The Internal Revenue Service issued a new warning for taxpayers to be alert for a quickly growing scam involving erroneous tax refunds being deposited into taxpayers’ bank accounts. Criminals have put a new twist on an old scam: They file fraudulent tax returns and use taxpayers’ real bank accounts for the deposit of the fraudulent refunds. Then they use various tactics to reclaim the refund from the taxpayers. Here is what you need to be wary of:
- In one version of the scam, criminals pose as debt collection agency officials acting on behalf of the IRS. The criminal contacts the taxpayer to resolve a refund deposited in error and requests that the taxpayer return the refund to them, the fraudulent collection agency.
- In another version, the taxpayer who received the erroneous refund gets an automated call with a recorded voice saying he is from the IRS and threatens the taxpayer with criminal fraud charges, an arrest warrant and a “blacklisting” of their Social Security Number. The recorded voice gives the taxpayer a case number and a telephone number to call to return the refund.
The IRS has urged taxpayers to follow established procedures (outlined below) for returning an erroneous refund to the agency. The IRS also encouraged taxpayers to contact their tax preparers immediately and to discuss the issue with their financial institutions because there may be a need to close bank accounts.
Here are the official ways to return an erroneous (fraudulent) refund to the IRS:
If the erroneous refund was a direct deposit:
- Contact the Automated Clearing House (ACH) department of the bank or financial institution where the direct deposit was received and have them return the refund to the IRS.
- Call the IRS toll-free at 800-829-1040 (individual) or 800-829-4933 (business) to explain why the direct deposit is being returned.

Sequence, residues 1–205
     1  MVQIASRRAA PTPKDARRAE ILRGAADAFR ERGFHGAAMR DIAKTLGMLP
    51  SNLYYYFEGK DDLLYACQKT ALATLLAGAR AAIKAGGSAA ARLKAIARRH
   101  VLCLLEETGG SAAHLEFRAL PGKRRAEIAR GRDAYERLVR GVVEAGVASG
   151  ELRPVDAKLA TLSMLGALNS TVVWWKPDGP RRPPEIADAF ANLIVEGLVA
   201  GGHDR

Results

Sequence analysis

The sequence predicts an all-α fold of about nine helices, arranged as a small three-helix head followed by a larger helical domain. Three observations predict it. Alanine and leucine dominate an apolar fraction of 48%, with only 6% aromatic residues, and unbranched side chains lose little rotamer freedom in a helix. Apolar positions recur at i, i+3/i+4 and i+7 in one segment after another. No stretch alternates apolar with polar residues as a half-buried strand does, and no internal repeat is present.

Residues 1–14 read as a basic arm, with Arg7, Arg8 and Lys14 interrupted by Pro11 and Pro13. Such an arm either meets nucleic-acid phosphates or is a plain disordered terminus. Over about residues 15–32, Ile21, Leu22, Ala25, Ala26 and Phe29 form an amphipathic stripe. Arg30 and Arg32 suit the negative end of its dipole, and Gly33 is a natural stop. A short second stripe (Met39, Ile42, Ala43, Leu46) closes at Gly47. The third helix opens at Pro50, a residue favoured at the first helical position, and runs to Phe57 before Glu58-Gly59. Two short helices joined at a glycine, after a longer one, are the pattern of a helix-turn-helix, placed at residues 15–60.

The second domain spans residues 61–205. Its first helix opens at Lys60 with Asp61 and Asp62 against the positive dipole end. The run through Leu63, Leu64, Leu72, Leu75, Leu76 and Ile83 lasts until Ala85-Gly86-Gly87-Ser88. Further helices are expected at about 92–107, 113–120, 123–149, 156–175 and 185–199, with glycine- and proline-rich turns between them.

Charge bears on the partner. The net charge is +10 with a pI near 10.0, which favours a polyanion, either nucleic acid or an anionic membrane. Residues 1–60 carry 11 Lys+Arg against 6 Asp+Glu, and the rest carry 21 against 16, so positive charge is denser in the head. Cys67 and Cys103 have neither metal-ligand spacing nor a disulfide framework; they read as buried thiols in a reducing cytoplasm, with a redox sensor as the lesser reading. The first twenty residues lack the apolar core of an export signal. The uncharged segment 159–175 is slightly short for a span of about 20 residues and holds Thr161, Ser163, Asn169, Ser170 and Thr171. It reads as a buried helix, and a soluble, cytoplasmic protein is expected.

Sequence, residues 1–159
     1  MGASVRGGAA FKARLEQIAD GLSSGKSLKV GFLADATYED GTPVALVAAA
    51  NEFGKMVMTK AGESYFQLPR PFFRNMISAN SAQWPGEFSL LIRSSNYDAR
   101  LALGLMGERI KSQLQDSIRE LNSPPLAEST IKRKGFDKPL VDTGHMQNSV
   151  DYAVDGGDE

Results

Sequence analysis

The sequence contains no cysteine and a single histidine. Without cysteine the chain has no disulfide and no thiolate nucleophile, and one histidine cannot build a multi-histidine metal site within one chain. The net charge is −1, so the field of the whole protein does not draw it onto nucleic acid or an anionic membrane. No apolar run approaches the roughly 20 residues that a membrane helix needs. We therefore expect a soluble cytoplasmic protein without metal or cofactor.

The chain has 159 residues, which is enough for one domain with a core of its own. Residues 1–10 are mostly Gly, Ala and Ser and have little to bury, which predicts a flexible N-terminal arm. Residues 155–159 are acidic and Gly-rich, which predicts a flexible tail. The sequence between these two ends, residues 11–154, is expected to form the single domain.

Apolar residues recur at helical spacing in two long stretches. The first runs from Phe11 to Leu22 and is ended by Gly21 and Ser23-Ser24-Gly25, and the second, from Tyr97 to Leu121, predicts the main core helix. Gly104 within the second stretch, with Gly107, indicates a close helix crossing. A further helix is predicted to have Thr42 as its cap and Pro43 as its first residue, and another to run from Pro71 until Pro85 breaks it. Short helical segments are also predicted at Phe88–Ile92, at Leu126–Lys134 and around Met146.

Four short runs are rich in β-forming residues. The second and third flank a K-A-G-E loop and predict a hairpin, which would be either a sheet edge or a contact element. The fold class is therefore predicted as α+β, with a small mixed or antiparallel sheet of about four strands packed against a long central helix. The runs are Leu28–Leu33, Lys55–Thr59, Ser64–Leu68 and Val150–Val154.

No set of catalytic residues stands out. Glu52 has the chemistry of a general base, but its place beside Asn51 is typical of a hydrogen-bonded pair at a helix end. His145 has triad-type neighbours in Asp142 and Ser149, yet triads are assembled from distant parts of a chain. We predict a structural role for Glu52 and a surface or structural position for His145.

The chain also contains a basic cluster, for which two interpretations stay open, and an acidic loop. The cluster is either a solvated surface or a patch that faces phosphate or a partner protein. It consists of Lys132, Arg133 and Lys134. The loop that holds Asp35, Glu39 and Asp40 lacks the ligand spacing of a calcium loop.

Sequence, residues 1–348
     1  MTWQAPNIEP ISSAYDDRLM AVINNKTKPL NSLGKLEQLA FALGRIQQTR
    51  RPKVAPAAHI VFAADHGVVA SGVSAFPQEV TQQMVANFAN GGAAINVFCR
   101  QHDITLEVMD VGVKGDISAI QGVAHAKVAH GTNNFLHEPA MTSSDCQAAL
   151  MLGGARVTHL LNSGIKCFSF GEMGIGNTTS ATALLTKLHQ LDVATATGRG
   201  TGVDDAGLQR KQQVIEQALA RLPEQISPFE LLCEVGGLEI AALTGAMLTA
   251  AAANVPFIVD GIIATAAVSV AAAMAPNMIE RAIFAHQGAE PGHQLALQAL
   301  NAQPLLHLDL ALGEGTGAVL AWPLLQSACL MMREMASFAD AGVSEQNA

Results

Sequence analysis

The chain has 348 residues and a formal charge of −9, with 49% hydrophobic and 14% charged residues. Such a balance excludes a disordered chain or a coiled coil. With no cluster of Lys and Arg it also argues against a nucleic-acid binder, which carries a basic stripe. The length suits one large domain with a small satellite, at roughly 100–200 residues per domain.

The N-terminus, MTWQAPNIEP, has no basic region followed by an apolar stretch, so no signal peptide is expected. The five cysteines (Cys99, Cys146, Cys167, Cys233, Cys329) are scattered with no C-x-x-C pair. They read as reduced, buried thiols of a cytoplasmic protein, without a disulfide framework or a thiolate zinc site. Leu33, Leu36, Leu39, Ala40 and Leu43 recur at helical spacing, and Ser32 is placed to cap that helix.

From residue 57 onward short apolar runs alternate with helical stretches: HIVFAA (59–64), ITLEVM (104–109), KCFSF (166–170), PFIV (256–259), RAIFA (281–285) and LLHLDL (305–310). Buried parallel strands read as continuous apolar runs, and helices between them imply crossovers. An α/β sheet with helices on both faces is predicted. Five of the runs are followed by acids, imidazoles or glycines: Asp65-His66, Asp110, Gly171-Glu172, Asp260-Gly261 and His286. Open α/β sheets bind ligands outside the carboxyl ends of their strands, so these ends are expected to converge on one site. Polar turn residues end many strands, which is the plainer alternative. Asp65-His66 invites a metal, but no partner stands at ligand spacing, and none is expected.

If the erroneous refund was a paper check and hasn’t been cashed:
- Write “Void” in the endorsement section on the back of the check.
- Submit the check immediately to the appropriate IRS location listed below.
- Do not staple, bend, or paper clip the check.
- Include a note stating, “Return of erroneous refund check because (and give a brief explanation of the reason for returning the refund check).”
If the erroneous refund was a paper check and you cashed it:
Submit a personal check, money order, etc., immediately to the appropriate IRS location listed below.
If you no longer have access to a copy of the check, call the IRS toll-free at 800-829-1040 (individual) or 800-829-4933 (business) and explain to the IRS assistor that you need information to repay a cashed refund check.
Write on the check/money order: Payment of Erroneous Refund, the tax period for which the refund was issued, and your taxpayer identification number (social security number, employer identification number, or individual taxpayer identification number).
Include a brief explanation of the reason for returning the refund.
Repaying an erroneous refund in this manner may result in interest due the IRS.
IRS mailing addresses for returning paper checks
For your paper refund check, following are the IRS mailing addresses to use based on the city (possibly abbreviated). These cities are located on the check’s bottom text line in front of the words TAX REFUND:
- ANDOVER – Internal Revenue Service, 310 Lowell Street, Andover MA 01810
- ATLANTA – Internal Revenue Service, 4800 Buford Highway, Chamblee GA 30341
- AUSTIN – Internal Revenue Service, 3651 South Interregional Highway 35, Austin TX 78741
- BRKHAVN – Internal Revenue Service, 5000 Corporate Ct., Holtsville NY 11742
- CNCNATI – Internal Revenue Service, 201 West River Center Blvd., Covington KY 41011
- FRESNO – Internal Revenue Service, 5045 East Butler Avenue, Fresno CA 93727
- KANS CY – Internal Revenue Service, 333 W. Pershing Road, Kansas City MO 64108-4302
- MEMPHIS – Internal Revenue Service, 5333 Getwell Road, Memphis TN 38118
- OGDEN – Internal Revenue Service, 1973 Rulon White Blvd., Ogden UT 84201
- PHILA – Internal Revenue Service, 2970 Market St., Philadelphia PA 19104
Please be wary of calls from individuals claiming to be IRS agents or collection agents working for the IRS, or if you receive an unexpected refund. Contact your Yeo & Yeo tax professional if you have questions or need assistance.